How to Grow a Sweet Potato Vine Outdoors

Overview

Instead of buying sweet potatoes (Ipomoea batatas) in the grocery store, raise your own harvest of this underground vegetable at home. Originally hailing from South America, the warmth-loving vine can grow anywhere where the soil temperature is warm enough (70 degrees Fahrenheit) for three to four months. Gardeners prize the plant for its hardy, low-maintenance nature, and it can also act as a lush ground cover.

Step 1

Break up the soil with a spade or mechanical tiller to a depth of at least 7 inches, according to the University of Maryland. Sweet potato tubers grow underground, so the deeper and the looser the soil, the better.

Step 2

Mix in a couple inches of aged compost to increase the soil's organic matter and moisture retention capacity. Fertilize the area with a single application of 10-10-10 fertilizer, applied according to the product's label since potency varies by brand.

Step 3

Bury each seed potato 4 inches deep and separate each plant by 18 inches, according to the University of Missouri. If you're growing several rows of sweet potatoes, the university suggests spacing the rows of seed potatoes apart by 4 feet.

Step 4

Water the planting area twice daily or as needed to keep the soil consistently moist to a depth of 4 to 6 inches. Once the sweet potato vines appear, reduce watering to 1 inch of water per week, according to the University of Missouri.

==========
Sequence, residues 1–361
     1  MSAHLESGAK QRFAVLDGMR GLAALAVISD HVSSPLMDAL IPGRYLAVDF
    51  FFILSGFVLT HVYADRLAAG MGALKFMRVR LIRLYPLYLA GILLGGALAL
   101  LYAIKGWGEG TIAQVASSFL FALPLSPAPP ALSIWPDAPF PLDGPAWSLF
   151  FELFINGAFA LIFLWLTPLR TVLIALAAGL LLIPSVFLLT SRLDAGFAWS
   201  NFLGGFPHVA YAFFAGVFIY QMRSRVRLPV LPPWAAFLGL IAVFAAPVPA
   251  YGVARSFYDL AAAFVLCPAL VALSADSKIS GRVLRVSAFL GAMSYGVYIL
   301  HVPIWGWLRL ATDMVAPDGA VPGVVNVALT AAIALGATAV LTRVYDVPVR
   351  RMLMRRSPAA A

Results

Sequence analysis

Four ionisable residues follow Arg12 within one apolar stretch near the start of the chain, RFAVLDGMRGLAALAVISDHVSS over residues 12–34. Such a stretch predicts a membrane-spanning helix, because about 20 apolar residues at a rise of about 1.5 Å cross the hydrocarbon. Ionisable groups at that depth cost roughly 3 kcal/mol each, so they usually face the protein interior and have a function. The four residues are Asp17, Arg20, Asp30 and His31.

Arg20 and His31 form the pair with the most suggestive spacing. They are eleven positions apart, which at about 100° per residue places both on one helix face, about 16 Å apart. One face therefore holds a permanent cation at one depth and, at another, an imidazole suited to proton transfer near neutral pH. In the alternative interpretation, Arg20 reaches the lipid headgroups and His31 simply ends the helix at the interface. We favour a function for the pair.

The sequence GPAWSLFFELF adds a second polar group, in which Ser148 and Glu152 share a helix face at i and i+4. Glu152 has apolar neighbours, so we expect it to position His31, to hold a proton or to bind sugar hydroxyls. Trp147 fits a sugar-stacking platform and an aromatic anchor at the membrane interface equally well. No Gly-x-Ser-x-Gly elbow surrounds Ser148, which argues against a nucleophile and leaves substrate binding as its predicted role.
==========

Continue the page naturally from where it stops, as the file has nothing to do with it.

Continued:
Things You'll Need

  • Spade or tiller
  • Aged compost
  • 10-10-10 fertilizer

References

  • "Burpee: The Complete Vegetable & Herb Gardener;" Karan Cutler, et al.; 1997
  • University of Illinois: Sweet Potato
  • University of Missouri: Growing Sweet Potatoes in Missouri
  • University of Maryland: Growing Sweet Potatoes

Who Can Help

  • United States Sweet Potato Council
Keywords: sweet potato vine, growing sweet potatoes, planting sweet potatoes

About this Author

Josh Duvauchelle is an editor and journalist with more than 10 years' experience. His work has appeared in various magazines, including "Honolulu Magazine," which has more paid subscribers than any other magazine in Hawaii. He graduated with honors from Trinity Western University, holding a Bachelor of Arts in professional communications, and earned a certificate in applied leadership and public affairs from the Laurentian Leadership Centre.